Part 2: Build the Microscopic Army in Your Mouth to Fight Oral Cancer and Improve Dental Health

Last week in part 1, oral cancer was defined with a potential cause being oral dysbiosis identified. This week, I will give supporting evidence of this connection along with strategies to avoid this dysbiosis. When we talk about an unhealthy microbiome, we often use the word, “dysbiosis.” Oral dysbiosis is a mouth that is unhealthy because the microorganisms are out of balance. An imbalanced microbiome may lead to symptoms or disease. Symptoms of Oral Dysbiosis: Bad breath Blee...
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Part 1: Build the Microscopic Army in Your Mouth to Fight Oral Cancer and Improve Dental Health

Oral Cancer Is No Match for a Healthy Oral Microbiome Fostering a healthy oral microbiome can fight oral and other cancers. That’s nothing to say for its benefits on cavities, root canal infections, and gum disease. Your friendly bacteria protect you from disease, fight tumors, cool off inflammation, and boost your immune system. Who wouldn’t want this army of microscopic warriors on their side?! In this two-part blog, you will learn that cancers can be caused by bacteria, viruses, ...
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The Co-management of an Esophageal Cancer Survivor

Background: The patient is a 75-year-old female with a history of esophageal cancer in 2013. The origin of the cancer was determined to be lichen planus. Surgical removal of the lesion occurred, and no reconstructive surgery was needed. However, post-surgery to present date, the patient experiences severe acid reflux and sleeps with her head elevated. She has great home dental care and follows a 3-month periodontal maintenance. During the head and neck exam, no significant findings were disc...
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Side Effects Support LLC

As I started my first job in dentistry, my mother received a breast cancer diagnosis and suffered horribly with oral side effects from chemotherapy. Her pain from severe dry mouth and mouth sores (oral mucositis) was dismissed by her oncology team as “just part of treatments.” She received no guidance on how to prevent or reduce her discomfort and there were no oral care strategies implemented to prevent long-term damage to her dental health. Through questioning other cancer survivors, I le...
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Do You Speak HPV? Part 3

In my previous blog, I explored three common positive responses I’ve encountered from patients when offering a test for oral HPV and how I would respond to them.  In this blog, I will address some of the objections from patients and how I would further educate the patient about oral HPV and testing options. Patient 1: I don’t think I need that test.  I’ve never been exposed. Response 1: I understand but in case you’re ever curious, remember we have this potentially life-saving service ...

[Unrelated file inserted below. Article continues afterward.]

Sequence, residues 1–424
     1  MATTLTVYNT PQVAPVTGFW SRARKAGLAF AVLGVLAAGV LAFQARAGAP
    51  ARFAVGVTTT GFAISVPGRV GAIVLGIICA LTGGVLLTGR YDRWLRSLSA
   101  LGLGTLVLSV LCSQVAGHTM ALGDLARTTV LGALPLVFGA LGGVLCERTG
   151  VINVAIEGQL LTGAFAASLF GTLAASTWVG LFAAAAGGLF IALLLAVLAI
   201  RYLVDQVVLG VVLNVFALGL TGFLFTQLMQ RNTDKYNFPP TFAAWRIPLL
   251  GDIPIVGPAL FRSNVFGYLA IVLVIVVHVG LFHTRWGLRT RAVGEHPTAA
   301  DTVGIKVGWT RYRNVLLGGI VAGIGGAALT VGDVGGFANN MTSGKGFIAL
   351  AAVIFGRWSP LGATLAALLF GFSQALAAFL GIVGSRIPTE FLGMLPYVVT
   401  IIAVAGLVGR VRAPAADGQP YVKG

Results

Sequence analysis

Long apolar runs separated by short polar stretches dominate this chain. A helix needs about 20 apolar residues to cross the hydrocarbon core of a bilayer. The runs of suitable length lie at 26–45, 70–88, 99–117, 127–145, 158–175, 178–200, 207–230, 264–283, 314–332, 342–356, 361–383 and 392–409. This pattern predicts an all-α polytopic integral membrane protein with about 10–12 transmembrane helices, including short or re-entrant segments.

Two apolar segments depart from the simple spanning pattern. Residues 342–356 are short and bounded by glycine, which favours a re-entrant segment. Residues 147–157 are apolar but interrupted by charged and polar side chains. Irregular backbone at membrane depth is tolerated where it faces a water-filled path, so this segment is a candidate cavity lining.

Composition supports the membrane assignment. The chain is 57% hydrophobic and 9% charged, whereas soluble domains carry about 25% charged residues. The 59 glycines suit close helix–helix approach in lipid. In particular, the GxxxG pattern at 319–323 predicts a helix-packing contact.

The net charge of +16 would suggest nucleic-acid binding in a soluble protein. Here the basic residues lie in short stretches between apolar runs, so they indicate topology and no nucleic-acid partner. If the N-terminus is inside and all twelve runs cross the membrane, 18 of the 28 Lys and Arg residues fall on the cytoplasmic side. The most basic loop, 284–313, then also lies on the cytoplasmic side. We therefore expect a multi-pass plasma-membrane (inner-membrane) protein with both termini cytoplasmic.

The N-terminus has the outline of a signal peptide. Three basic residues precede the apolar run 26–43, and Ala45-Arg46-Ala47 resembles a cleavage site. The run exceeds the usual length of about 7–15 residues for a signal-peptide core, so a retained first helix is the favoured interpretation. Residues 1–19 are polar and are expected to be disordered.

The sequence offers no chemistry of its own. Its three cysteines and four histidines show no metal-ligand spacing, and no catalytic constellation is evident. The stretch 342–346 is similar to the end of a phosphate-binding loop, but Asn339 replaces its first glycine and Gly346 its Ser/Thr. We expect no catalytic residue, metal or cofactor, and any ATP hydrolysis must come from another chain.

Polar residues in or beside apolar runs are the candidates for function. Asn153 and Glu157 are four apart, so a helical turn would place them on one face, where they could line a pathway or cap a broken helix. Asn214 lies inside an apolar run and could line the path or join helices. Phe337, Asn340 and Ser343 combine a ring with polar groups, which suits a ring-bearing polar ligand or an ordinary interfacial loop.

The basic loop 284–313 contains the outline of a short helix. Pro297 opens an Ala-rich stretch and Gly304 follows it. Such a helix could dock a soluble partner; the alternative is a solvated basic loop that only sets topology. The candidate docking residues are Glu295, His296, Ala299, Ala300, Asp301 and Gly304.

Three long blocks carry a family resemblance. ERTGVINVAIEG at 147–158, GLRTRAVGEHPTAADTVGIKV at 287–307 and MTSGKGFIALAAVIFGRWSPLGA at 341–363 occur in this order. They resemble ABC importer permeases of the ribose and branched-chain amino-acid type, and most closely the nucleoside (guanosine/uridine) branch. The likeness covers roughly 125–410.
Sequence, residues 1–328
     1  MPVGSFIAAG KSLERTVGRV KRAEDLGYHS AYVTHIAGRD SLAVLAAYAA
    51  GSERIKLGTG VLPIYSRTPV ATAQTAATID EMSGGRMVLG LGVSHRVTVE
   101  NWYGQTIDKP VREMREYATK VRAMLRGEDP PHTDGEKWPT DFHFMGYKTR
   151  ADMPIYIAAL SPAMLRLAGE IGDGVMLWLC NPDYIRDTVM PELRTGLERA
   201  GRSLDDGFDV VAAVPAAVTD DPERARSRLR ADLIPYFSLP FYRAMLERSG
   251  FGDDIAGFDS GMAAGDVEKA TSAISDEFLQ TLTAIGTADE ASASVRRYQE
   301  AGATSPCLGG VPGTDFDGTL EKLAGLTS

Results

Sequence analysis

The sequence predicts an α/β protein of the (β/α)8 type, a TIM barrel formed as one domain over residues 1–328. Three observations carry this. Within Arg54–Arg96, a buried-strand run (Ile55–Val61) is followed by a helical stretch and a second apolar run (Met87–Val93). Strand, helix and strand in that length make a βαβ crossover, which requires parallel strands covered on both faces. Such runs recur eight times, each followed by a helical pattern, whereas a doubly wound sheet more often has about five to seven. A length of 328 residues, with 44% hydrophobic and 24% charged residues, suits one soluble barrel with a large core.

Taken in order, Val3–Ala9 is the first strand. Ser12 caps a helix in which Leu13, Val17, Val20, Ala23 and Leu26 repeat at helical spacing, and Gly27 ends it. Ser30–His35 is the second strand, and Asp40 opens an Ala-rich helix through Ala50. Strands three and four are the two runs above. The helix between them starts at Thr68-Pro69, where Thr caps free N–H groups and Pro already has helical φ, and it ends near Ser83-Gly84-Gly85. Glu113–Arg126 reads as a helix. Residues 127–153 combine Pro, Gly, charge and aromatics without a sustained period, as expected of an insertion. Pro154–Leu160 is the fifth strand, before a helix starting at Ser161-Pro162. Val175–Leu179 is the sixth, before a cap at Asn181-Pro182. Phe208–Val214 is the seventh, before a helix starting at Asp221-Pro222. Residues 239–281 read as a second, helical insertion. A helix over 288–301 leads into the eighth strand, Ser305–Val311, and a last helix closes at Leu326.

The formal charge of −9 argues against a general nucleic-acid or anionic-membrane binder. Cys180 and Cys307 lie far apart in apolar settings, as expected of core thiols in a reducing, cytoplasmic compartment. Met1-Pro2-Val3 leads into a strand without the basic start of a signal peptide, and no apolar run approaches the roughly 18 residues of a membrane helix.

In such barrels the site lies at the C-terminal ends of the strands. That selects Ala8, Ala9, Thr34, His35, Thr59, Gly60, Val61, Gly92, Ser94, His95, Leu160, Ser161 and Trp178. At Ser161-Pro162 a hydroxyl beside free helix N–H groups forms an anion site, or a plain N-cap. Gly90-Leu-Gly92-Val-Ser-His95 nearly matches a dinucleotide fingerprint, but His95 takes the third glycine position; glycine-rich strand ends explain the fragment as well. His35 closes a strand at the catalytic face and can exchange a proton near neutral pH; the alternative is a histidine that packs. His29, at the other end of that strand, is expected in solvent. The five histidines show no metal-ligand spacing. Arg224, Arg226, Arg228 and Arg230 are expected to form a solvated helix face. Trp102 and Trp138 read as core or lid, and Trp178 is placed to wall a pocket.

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Do You Speak HPV? Part 2

Dental clinicians have been on the front lines of oral cancer prevention and early detection for many years. We have been trained to do very thorough oral cancer exams and to use various light systems to visualize tissue changes; however, according to the Oral Cancer Foundation, the death rate for oral cancers has remained higher than that of many other types of cancers which we hear about routinely.1 Many studies support that the human papilloma virus (HPV) is responsible for a large number...
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Do You Speak HPV? Part 1

Dental professionals are often uncomfortable approaching patients on topics that are unfamiliar or that feel outside the realm of “traditional” dentistry.  One such topic is Human papillomavirus (HPV).  As a hygienist of 40 plus years, I can tell you this topic never came up in my education.  Several years ago, I had to educate myself about this near epidemic viral infection. Most importantly, I had to step out of my comfort zone to find a way to share this crucial knowledge with my patients...
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Oral HPV Awareness Campaign: Part 2

Currently about 72% of all OPCs (Oropharyngeal Cancers) are the results of an oncogenic HPV infection—and very few of these cancers are found in the front of the mouth. HPV-Oral Pharyngeal Cancer (HPV-OPC) develops at the deep base of the tongue or behind of the curtains of the tonsillar pillars. Sadly, there is no effective screening method for early cancer detection. While we fumble with the words to say and the warnings to issue, we are literally watching the HPV epidemic unfold before...
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Where Does the HPV Go?

The alarming incidence of oral cancer connected to oral infections caused by the human papillomavirus, HPV, should rightly raise concern.  For too long healthcare has overlooked the potential of HPV to cause serious disease in the oral cavity, the pharynx and larynx.  Fortunately, early detection is key, and there is now a highly sensitive test that can identify early HPV infections called OraRisk ® HPV.  OraRisk ® HPV identifies the HPV infection often before any clinical symptoms can be se...
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The Co-management of an Esophageal Cancer Survivor

  Background: The patient is a 75-year-old female with a history of esophageal cancer in 2013. The origin of the cancer was determined to be lichen planus. Surgical removal of the lesion occurred and no reconstructive surgery was needed. However, post-surgery to present date, the patient experiences severe acid reflux and sleeps with her head elevated. She has great home dental care and follows a 3-month periodontal maintenance. During the head and neck exam, no significant findings ...
Read More